Luckily for me, all of my professors thoroughly enjoyed Naanookshkaasii’s presence in class and she was welcomed with open arms. For Indigenous Peoples children are some of the most valued members in our communities as they are the ones that will ensure our future survival as peoples. So with all this said and done, now came time to think of how I would be able to sustain myself once school was finished and I could no longer apply for OSAP and other bursaries and grants that are available to students. How do I create a need for a home business that will allow me to continue to pursue all aspects of my culture and traditions, allow me to home-school baby for as long as possible, and bring in some kind of income?

I know that I did not want to start a “camp” as I did not have the knowledge needed to take on such a project, and there were already well-established camps near my area that I would not be able to compete with. Instead, I racked my brain and decided that I would attempt a sort of beginner’s environment and gear it towards those who may not have the confidence to take on a culture camp or feel that they even deserve to be there. There are those out there who feel like they really connect with Indigenous teachings but are not Indigenous themselves, therefore they are nervous about exploring and participating because there is still a stigma against letting “outsiders” into our traditions and ceremonies. It is my belief that though we may all come from different parts of the world we are all the same at our core. Most of us all believe in a higher being and that we need to live in harmony with Mother Nature, how one decides to pursue Mino Bimaadzowin (the good life) is completely up to them and it’s not for us to tell them no.

This assignment could not have been set out at a more perfect time as I have also been wrestling with myself more and more as to how I would incorporate technology into this avenue of learning. While there are those who strongly believe that we, as Indigenous Peoples, need to completely decolonize our learning spaces, I am looking at ways in which to integrate the modern conveniences colonization has given us to bridge the gap for all peoples. When speaking about this possibility I often refer to the Amish people, as I believe they set a great example of how to walk in two worlds. Near my house, there is a restaurant that is run by Amish people and they serve the most amazing home-made meals while still offering the modern conveniences of a restaurant. You will see the women wearing their long skirts, their children in traditional clothes and they do not operate on Sundays. Other Amish families can be seen selling their goods by the side of the road, in farmer’s markets, even using modern machinery to aid in the gathering and harvesting of their goods. While I do not know personally how open Amish people are to having outsiders within their communities and living life among them I still feel that they are a great example as to how a group of people can adapt while still holding true to their core values and beliefs.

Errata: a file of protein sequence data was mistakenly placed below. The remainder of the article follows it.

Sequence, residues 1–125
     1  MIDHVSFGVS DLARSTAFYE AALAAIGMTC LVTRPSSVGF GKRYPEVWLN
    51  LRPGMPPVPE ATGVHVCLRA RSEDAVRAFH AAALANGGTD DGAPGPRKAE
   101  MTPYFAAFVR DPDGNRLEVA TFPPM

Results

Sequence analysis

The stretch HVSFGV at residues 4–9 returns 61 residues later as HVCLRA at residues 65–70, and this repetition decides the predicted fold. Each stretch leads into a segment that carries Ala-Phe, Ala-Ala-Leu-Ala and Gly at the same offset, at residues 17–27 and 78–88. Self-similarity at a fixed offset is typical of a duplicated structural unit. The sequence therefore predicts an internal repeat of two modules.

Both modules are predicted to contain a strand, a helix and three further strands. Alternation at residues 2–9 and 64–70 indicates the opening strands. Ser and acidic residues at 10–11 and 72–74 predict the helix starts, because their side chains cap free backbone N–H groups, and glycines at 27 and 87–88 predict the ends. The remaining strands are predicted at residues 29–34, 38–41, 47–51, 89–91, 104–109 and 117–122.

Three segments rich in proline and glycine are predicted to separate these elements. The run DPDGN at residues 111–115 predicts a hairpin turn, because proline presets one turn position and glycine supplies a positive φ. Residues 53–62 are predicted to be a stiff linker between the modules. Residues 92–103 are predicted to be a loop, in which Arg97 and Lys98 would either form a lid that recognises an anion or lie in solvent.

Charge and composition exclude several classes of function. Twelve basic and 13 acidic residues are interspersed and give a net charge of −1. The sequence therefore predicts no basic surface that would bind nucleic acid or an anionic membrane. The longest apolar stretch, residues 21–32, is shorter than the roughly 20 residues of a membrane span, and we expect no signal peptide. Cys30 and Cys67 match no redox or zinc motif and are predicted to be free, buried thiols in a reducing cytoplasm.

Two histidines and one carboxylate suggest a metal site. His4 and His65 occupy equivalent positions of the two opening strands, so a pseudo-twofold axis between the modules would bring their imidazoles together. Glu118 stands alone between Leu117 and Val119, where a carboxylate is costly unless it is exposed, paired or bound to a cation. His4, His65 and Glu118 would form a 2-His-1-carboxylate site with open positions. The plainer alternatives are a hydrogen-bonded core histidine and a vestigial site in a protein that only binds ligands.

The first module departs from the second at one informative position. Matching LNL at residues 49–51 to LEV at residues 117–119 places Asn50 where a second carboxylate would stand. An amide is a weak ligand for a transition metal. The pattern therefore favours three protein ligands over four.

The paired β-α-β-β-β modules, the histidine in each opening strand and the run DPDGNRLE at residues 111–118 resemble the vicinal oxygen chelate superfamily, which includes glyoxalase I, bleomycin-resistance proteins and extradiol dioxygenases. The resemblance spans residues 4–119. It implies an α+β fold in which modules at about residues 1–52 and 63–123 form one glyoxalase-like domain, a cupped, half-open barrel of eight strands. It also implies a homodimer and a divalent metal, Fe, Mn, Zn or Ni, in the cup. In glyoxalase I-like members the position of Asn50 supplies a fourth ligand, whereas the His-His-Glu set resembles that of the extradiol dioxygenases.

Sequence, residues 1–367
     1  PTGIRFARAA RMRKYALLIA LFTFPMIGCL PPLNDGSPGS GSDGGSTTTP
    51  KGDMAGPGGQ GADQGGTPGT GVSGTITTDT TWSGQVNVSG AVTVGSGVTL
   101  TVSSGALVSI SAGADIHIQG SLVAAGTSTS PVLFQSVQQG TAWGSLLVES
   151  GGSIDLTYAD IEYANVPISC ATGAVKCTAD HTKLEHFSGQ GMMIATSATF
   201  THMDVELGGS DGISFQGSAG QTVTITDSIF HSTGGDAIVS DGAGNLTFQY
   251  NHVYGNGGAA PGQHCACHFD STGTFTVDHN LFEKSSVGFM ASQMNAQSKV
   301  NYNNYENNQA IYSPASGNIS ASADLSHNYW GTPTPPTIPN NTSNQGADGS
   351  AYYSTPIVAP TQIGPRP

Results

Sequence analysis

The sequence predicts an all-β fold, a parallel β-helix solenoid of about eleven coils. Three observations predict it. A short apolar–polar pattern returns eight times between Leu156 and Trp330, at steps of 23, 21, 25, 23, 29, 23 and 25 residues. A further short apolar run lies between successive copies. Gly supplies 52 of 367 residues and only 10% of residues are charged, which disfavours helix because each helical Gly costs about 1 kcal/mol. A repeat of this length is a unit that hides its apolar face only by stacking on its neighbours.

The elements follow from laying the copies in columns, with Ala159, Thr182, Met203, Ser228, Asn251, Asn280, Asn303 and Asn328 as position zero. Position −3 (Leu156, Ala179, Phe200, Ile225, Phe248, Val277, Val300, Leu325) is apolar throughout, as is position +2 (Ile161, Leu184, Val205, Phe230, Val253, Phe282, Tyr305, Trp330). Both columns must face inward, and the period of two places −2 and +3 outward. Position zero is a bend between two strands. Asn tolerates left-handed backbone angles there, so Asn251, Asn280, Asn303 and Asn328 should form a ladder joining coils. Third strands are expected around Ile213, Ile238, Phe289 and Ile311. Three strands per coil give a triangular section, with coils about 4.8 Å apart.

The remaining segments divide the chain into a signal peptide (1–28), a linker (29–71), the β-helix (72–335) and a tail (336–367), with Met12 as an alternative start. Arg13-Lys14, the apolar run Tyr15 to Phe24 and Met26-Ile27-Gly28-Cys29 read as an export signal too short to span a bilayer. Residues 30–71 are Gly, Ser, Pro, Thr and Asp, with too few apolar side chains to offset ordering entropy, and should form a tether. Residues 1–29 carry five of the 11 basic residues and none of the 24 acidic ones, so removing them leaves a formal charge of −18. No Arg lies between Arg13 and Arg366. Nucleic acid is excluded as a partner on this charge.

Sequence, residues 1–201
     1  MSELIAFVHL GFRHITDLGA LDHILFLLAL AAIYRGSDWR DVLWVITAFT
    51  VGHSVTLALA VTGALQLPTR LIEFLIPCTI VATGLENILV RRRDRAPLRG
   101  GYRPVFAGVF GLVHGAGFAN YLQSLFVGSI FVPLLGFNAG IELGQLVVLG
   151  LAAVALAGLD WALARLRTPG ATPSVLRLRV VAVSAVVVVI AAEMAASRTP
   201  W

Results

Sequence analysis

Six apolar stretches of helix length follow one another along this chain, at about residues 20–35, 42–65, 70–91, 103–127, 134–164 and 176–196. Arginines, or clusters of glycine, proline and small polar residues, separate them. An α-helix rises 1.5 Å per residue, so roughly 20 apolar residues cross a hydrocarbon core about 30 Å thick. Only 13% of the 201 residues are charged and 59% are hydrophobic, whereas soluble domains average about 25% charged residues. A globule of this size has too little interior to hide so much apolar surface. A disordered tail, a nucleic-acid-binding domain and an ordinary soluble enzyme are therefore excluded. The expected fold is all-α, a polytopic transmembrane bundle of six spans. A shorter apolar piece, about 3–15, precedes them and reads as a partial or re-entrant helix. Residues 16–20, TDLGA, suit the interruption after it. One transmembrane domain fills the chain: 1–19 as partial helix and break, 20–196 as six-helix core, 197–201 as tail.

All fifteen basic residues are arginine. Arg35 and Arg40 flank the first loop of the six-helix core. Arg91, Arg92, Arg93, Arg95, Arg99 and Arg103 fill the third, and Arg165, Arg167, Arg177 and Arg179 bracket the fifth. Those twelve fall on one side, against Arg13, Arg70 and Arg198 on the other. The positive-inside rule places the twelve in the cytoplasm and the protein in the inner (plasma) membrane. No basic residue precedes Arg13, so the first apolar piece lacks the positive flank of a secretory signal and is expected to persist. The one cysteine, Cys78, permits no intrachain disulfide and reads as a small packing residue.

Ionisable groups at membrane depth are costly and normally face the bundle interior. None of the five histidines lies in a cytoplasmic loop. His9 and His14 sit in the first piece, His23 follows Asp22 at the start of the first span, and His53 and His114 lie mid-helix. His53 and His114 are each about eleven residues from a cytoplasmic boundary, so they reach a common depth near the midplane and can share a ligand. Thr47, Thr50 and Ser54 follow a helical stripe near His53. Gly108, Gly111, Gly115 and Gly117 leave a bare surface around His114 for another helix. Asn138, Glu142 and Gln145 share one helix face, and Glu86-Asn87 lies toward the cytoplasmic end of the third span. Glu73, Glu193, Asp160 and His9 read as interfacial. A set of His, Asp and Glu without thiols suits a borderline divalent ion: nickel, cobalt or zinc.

This can also be seen in the rising popularity of Social Distancing Round Dances and Pow Wows. Since COVID-19 has shut down the world, Indigenous Peoples and all peoples around the world, have had to find ways to stay connected. We as races of man have all been able to stand together and support one another from great distances. I have seen many different kinds of peoples through these social media pages and consequently, have had more exposure to the different kinds of Indigenous Peoples that I ever would have through a textbook in a classroom.

What this course and assignment have taught me is that we need to stay connected, we need to keep our minds and hearts open. There are allies out there, many may not even know they are allies and it’s up to us to foster that trust and understanding. It has to start somewhere, we can’t keep waiting for the next generation to make it better, we are that next generation. It is not my daughter’s responsibility to make the world better for me, it’s my responsibility to make the world better for her. I do this by leading from example.